Jan. 24, 2000 Molecular studies in yeast have yielded surprising evidence that the contorted proteins known as prions, often deadly to cattle and humans, may serve a beneficial role in some organisms, and possibly in humans. By analyzing the gene sequences of yeast and more complex organisms, researchers at UC San Francisco have also found evidence that prions might be far more common than had been previously suspected.
The scientists also searched for and discovered a yeast species containing more than one kind of prion-forming protein, the first time a search has netted multiple prions in the same organism.
The discoveries and analysis are published in the January 21 issue of the journal Cell.
Prions' capacity to replicate in the brains of cattle and humans is thought to cause deadly or debilitating disease. But the researchers have detected the prion-forming trait intact in distantly related yeast species spanning 300 million years of evolution, suggesting prions perform a function important to yeast survival, since traits conserved over evolutionary time tend aid survival. Other researchers have found that yeast with prions known as PSI+ are more resistant to certain environmental insults than those lacking prions, hinting at a possible prion role in yeast survival.
The research also sheds light on the mechanism underlying the "species barrier" that usually prevents prions in one species from infecting other species. The barrier has been thought to prevent the transmission of scrapie and mad cow disease from livestock to humans, but recently researchers found alarming evidence that in some cases prions from cattle may infect other species, including humans.
The research in Cell shows that at least in yeast, the species barrier is an inherent property of prions and does not require assistance from a helper protein, or chaperone. The specificity, the researchers found, results form a small, well defined region on the prion surface, makng it an attractive potential target for drugs to bind the prions and prevent them from spreading.
In their experiments, the UCSF scientists developed a powerful genetic system for rapidly testing the ability of a protein to change shape into a prion and to propagate this form. The system can also test for related protein changes involved in Alzheimer's, Parkinson's and other human diseases caused by malformed aggregating proteins.
The researchers cloned and characterized the portion of the yeast protein - called Sup35 - that controls aggregation into sheet-like prion structures. They did this for a range of budding yeasts, the group that includes the kind used for centuries in baking and brewing.
Using their genetic system for testing prion function, they were able to show that despite the long evolutionary distance separating the various yeast species, the ability of Sup35 protein to form a prion state was strongly conserved. They then used the system to detect a new yeast prion, suggesting that many species may contain more than one prion type.
Since their analysis shows prions to be more widespread than had been thought and casts prions in a new, possibly more helpful light, the scientists considered what advantages the aggregating proteins might offer organisms.
The ability to form prions allows a cell to restrict activity of a specific protein indefinitely, without ever losing the potential to restore its original activity, they point out. If the prion form of the protein is passed on to progeny, this new trait will be passed on as well. Normally, heritable changes in protein function result from mutations in an organism's DNA. Such mutations might be beneficial under certain environmental conditions, say high temperatures, but once the DNA has mutated, the organism cannot readily revert to its original genetic makeup to adapt, for example, to a seasonal temperature drop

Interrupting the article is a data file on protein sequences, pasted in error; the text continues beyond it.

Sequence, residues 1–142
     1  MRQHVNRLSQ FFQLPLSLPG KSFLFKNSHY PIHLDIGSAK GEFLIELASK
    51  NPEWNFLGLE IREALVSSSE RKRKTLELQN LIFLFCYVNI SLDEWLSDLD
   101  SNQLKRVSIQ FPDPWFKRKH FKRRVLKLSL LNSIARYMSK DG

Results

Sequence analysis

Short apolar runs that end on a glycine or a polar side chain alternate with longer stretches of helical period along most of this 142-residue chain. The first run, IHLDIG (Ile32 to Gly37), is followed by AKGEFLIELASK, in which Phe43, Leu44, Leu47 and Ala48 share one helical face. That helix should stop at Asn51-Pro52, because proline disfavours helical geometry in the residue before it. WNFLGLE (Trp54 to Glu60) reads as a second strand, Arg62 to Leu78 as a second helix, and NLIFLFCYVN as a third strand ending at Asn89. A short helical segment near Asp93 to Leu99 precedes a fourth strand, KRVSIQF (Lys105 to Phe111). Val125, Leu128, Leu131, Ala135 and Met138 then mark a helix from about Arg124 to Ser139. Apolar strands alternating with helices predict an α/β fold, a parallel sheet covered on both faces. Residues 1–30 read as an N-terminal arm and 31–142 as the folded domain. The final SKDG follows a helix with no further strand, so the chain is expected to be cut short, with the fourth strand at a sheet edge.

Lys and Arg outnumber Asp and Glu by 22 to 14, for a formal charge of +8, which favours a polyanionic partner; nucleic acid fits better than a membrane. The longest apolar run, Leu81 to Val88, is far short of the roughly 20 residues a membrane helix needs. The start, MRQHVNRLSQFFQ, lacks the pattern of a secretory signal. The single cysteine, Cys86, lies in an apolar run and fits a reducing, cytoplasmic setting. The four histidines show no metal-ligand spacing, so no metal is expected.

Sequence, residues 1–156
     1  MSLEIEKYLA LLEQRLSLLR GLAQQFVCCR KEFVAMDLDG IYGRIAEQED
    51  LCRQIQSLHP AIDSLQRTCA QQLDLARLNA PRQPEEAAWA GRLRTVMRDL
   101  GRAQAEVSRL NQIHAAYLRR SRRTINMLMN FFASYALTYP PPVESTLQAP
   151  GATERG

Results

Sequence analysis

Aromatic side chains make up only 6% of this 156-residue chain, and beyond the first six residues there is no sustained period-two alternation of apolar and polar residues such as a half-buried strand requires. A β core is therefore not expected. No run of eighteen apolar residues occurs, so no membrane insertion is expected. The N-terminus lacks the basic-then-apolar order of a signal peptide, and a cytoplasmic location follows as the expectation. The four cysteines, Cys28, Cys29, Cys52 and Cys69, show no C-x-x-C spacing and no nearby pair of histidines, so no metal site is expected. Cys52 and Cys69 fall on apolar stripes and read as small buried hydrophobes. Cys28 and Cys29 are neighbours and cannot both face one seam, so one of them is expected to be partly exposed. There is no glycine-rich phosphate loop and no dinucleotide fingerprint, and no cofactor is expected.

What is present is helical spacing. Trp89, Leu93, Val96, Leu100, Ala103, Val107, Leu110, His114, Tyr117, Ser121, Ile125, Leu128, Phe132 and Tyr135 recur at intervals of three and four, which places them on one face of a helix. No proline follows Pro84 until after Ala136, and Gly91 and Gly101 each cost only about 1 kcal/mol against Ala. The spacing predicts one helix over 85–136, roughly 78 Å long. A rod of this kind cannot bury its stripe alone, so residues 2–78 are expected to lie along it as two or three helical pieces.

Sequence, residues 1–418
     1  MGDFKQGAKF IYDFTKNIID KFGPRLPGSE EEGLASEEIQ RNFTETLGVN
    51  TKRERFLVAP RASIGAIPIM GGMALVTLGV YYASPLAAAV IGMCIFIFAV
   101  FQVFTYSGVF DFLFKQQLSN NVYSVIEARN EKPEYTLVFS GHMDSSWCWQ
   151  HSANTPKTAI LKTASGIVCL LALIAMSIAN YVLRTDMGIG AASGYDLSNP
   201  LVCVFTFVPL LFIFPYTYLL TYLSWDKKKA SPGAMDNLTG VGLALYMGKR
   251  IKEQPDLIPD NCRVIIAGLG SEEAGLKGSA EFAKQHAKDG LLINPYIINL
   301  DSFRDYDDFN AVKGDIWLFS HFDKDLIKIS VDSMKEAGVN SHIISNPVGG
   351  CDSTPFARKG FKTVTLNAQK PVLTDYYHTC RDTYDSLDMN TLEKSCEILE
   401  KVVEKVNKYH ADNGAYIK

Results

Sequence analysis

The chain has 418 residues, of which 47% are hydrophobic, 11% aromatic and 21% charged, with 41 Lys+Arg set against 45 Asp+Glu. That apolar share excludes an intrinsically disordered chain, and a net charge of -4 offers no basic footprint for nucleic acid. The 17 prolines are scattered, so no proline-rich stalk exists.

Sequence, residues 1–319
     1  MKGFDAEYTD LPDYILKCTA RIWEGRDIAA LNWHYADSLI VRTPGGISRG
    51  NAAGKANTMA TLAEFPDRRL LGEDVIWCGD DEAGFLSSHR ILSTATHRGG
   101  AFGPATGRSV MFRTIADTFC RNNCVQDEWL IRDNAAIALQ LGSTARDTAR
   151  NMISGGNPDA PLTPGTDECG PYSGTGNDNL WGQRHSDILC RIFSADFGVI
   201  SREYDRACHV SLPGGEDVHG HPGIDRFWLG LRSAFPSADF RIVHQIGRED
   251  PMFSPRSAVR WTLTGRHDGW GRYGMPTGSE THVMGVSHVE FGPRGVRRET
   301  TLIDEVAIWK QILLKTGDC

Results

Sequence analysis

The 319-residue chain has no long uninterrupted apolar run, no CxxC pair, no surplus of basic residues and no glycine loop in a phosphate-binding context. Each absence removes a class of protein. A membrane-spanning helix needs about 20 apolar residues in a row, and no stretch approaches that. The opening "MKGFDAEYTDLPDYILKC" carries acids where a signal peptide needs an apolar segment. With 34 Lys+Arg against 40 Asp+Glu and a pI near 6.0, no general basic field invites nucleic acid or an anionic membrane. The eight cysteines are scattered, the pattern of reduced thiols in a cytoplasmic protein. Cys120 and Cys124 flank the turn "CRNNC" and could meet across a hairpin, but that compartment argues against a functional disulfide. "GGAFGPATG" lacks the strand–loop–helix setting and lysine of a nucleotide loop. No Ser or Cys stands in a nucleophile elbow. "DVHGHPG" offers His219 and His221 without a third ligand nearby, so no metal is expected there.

By contrast, because prions can change a protein's function without affecting the genes that code for it, the protein can revert back to its original function, either spontaneously or with the help of molecular chaperones, the researchers write. The increased flexibility could allow organisms to respond more easily to environmental change.
"Basically, a prion-based inheritance lets an organism continuously monitor its environment and in a manner reminiscent of Lemarkian inheritance, respond to changes in the environment and pass these changes on to its progeny," said Jonathan Weissman,assistant professor of cellular and molecular pharmacology at UCSF and senior author of the Cell paper.
The discovery of a new prion-forming region in a protein not before associated with prions supports the possibility that multiple prions could propagate independently in the same cell. These and other findings suggest that prion-based inheritance might play an important role not just in disease but in normal physiology, they point out.
In order for a prion to serve a regulatory role in the cell, it must propagate without interfering with other proteins, the scientists write. The remarkable specificity in prion growth which leads to the species barrier could also prevent different prions in the same cell from interacting and forming multi-protein aggregates, they conclude.
Co-authors with Weissman on the paper are graduate students Alex Santoso, Peter Chien and Lev Z. Osherovich, all in cellular and molecular pharmacology at UCSF. Chien is also in the graduate group in biophysics.
The research was funded by the Searle Scholars Program, the David and Lucile Packard Foundation, the National Institutes of Health and predoctoral fellowships funded by the National Science Foundation and the Howard Hughes Medical Institute.
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